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Michelin Pilot HX MXM4 225/45R-17 91H VW RB

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Part#: MICH00150156

Section Width : 225mm
Diameter : 17"
Speed Rating : H
Aspect Ratio : 45

  Michelin Pilot HX MXM4 225/45R-17 91H VW RB

Fits On:

All Jeeps (Universal), Universal

Michelin Pilot HX MXM4

Treadwear: 300
Traction: A
Temperature: A
Speed Rating: H

About the Pilot HX MXM4
For those who want MXM performance but need to deal with the elements, Michelin brings you the MXM4.

- All-season driveability.

- Same Pilot technology as the HX MXM for on-demand quickness.

- Additional siping and diagonal tread block design enhance all-season performance while maintaining quiet ride.

- BAZ technology and European performance tire profile provide enhanced handling, quick steering response and better control at highway speed.

The Michelin Tire Company is one of the most celebrated tire manufacturers since rubber first hit the road. As an early pioneer of the pneumatic tire Michelin is a company steeped in tire history. Their roots go back as far as the late 1800s and include some impressive innovations such as producing the first radial tire in 1946. They also have an illustrious competition background including racking up wins in all forms of motorsports from Formula One to the 24 Hours of LeMans. Although truly a global force, Michelin operates its US division out of Greenville, South Carolina. They continue to use the latest technology to create drastic innovations in the tire world to improve both safety and performance, and they have shown a deep commitment to the environment by utilizing sustainable practices whenever possible.
Q: What different tire types are there, and how do I know which one is best for me? How do I read tire sizes? How do I know which tire size is best for my vehicle?
A: Tires are one of the most important components on any vehicle. They can transform a ride from soft to harsh, improve handling, make your truck off-road competent, or even affect gas mileage. There are numerous different tire types developed for the different styles of driving that people have adopted. The major categories include off road tires or mud &snow tires, all-season tires and high performance tires. There are also tire options that blend the line between these categories. All-season tires are the most prevalent and are designed to work in the biggest array of conditions from dry roads to wet roads to the occasional ice and snow. These are the tires that most commonly come on passenger vehicles and light trucks/SUVs; they usually have the highest tread wear rating so they last the longest and are the most affordable of the groups. Off road tires are designed for more extreme conditions such as loose dirt, mud or deep snow. These are often used by 4x4 enthusiasts and they sometimes require a lift in order to clear the larger more aggressive tread designs. These tires tend to be noisy on the street, and wear out quicker than standard tires, but they really shine when the terrain gets rough. High performance tires are designed to maximize traction and handling for sports cars or performance oriented machines. These tires are rated for higher speed and increased grip but also wear out quicker due to softer compounds, and tend to be worse in the wet than all-season tires. You should choose your tire type based on how you use your vehicle the majority of the time. If you like performance driving you will want a performance tire, but if you commute 90% of the time, a good all-season will be probably be the best choice.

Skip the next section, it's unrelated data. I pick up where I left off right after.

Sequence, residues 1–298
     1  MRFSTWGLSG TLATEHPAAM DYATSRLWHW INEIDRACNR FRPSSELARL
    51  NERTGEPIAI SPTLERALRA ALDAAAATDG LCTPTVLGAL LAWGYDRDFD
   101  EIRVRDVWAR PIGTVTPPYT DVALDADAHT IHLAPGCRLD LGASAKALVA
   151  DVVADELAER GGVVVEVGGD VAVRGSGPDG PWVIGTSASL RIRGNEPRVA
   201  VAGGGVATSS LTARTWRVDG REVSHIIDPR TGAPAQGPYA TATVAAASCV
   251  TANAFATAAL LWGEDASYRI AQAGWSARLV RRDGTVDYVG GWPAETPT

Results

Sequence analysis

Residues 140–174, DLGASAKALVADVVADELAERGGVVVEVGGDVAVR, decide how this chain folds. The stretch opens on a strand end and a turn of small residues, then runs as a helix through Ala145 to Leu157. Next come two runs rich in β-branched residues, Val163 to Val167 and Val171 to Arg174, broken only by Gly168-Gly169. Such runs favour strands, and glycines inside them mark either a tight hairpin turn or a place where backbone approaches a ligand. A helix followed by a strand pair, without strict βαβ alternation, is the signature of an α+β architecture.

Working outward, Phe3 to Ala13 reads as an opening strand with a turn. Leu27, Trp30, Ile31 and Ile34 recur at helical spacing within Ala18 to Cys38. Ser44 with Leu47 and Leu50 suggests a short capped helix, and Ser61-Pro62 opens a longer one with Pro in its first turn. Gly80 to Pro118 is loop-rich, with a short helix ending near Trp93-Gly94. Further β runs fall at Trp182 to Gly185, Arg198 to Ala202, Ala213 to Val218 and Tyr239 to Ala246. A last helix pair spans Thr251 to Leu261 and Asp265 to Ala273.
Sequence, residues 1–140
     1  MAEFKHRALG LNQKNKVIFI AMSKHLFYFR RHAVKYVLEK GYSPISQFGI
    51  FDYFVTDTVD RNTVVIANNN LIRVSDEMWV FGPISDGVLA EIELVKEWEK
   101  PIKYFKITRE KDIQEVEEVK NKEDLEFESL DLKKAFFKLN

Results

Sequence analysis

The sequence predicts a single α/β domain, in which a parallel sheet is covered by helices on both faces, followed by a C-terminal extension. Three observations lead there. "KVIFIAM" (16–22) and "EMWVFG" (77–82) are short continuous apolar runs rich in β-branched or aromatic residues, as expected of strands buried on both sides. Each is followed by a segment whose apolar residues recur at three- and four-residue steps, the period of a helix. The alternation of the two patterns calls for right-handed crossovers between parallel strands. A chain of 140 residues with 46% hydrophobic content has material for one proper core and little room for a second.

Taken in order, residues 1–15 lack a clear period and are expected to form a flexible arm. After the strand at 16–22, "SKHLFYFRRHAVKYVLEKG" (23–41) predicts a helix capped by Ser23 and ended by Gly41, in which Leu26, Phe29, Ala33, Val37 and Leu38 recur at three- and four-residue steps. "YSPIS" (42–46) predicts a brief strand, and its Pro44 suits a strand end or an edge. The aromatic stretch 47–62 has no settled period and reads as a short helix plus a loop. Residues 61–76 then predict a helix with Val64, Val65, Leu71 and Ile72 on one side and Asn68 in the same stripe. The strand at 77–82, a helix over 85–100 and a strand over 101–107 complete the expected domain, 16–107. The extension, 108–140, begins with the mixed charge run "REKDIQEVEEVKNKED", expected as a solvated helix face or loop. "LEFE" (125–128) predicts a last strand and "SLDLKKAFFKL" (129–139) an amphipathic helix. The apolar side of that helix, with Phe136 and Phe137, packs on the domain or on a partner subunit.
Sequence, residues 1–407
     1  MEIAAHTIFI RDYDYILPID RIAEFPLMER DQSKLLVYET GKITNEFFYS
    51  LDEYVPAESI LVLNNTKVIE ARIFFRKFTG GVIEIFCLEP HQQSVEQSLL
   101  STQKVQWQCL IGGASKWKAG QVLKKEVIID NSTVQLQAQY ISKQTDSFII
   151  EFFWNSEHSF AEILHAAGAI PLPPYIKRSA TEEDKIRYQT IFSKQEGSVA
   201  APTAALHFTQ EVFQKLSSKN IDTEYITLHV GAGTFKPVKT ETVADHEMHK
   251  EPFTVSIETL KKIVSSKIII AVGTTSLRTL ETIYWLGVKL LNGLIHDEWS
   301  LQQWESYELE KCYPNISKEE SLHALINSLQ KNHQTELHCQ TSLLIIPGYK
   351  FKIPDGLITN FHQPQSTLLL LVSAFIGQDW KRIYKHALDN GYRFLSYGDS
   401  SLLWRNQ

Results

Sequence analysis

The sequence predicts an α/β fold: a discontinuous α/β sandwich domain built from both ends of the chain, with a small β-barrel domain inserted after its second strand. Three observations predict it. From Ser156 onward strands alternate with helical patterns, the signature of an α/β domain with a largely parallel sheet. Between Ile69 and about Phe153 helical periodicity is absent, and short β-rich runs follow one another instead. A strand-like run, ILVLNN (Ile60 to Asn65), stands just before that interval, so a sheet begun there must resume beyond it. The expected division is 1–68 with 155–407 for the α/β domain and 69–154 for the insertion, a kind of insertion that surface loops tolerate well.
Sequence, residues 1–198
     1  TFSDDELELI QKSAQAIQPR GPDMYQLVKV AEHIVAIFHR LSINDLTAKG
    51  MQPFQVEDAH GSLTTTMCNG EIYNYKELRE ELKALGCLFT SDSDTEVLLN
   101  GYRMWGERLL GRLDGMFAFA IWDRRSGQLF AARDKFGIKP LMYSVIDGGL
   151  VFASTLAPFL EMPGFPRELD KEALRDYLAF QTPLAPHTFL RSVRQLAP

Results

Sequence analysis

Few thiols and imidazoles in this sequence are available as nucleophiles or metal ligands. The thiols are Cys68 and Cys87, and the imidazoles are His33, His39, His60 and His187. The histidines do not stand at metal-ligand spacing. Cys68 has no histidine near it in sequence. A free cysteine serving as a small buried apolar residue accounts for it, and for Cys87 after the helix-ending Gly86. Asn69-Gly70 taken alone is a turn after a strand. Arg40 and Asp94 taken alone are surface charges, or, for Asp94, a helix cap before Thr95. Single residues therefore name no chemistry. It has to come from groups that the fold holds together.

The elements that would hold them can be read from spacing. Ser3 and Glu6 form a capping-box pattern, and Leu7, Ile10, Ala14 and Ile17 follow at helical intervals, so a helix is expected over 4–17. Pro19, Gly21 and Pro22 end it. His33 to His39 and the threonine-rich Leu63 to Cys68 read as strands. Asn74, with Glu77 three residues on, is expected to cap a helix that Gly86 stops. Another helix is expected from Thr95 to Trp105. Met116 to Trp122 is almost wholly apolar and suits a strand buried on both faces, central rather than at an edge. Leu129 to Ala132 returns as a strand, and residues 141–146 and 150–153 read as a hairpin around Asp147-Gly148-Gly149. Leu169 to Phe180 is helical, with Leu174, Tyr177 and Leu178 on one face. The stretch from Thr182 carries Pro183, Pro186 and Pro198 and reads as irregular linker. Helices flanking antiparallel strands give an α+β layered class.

Tires come in a host of different sizes, and the sizing is usually stamped right on the sidewall of the tire. Some off road tires use a format that lists the tire diameter, the tire width and the wheel diameter. For example a 31x10.50x15 would mean the tire is 31” tall, 10.50” wide and fits a 15” tall wheel. More commonly though, tires rely on metric measurements using width, aspect ratio and wheel diameter. A 205/65/14 means that the tire is 205 mm wide, that the distance of the sidewall from the rim lip to the tread face (the aspect ratio) is 65% of the tread width (65% of 205 mm), and it should be mounted on a 14” rim.

In general when choosing a tire it is best to replace your tires with the size that was originally fitted to the vehicle. However, it is often popular to increase tire size in order to gain some added performance be it on or off road. In this case it is crucial to do your homework because a tire that is too tall or too wide will rub and damage the body work as well as hurting the tire itself. If you are planning to run larger wheels it is common to run lower profile tires (smaller sidewall) in order to prevent rubbing and to keep the final drive close to stock and the speedometer calibration the same. Many vehicle manufacturers will list tire sizes that fit your vehicle in the owner’s manual or on their websites. When in doubt it is best to contact the manufacturer directly to find out if a specific tire size will work with your vehicle.

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